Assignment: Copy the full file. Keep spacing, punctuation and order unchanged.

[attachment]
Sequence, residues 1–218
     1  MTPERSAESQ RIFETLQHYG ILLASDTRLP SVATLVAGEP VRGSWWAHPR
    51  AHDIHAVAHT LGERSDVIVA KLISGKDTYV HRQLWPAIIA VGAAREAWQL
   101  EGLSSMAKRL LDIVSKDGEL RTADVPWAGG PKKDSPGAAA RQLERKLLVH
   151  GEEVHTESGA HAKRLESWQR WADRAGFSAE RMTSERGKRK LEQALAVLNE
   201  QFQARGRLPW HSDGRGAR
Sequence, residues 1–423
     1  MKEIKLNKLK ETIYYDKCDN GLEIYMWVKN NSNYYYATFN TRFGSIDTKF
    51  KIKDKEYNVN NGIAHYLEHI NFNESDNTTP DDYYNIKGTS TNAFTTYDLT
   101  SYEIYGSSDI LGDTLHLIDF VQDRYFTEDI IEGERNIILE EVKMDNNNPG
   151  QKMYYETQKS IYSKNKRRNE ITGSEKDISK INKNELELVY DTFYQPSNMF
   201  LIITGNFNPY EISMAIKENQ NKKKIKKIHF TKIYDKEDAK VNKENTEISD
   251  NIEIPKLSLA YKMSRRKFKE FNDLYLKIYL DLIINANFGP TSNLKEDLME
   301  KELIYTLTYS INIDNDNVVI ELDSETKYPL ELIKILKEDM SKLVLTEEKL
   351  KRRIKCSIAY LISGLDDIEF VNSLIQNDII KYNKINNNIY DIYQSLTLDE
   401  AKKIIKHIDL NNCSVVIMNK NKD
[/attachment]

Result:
Sequence, residues 1–218
     1  MTPERSAESQ RIFETLQHYG ILLASDTRLP SVATLVAGEP VRGSWWAHPR
    51  AHDIHAVAHT LGERSDVIVA KLISGKDTYV HRQLWPAIIA VGAAREAWQL
   101  EGLSSMAKRL LDIVSKDGEL RTADVPWAGG PKKDSPGAAA RQLERKLLVH
   151  GEEVHTESGA HAKRLESWQR WADRAGFSAE RMTSERGKRK LEQALAVLNE
   201  QFQARGRLPW HSDGRGAR
Sequence, residues 1–423
     1  MKEIKLNKLK ETIYYDKCDN GLEIYMWVKN NSNYYYATFN TRFGSIDTKF
    51  KIKDKEYNVN NGIAHYLEHI NFNESDNTTP DDYYNIKGTS TNAFTTYDLT
   101  SYEIYGSSDI LGDTLHLIDF VQDRYFTEDI IEGERNIILE EVKMDNNNPG
   151  QKMYYETQKS IYSKNKRRNE ITGSEKDISK INKNELELVY DTFYQPSNMF
   201  LIITGNFNPY EISMAIKENQ NKKKIKKIHF TKIYDKEDAK VNKENTEISD
   251  NIEIPKLSLA YKMSRRKFKE FNDLYLKIYL DLIINANFGP TSNLKEDLME
   301  KELIYTLTYS INIDNDNVVI ELDSETKYPL ELIKILKEDM SKLVLTEEKL
   351  KRRIKCSIAY LISGLDDIEF VNSLIQNDII KYNKINNNIY DIYQSLTLDE
   401  AKKIIKHIDL NNCSVVIMNK NKD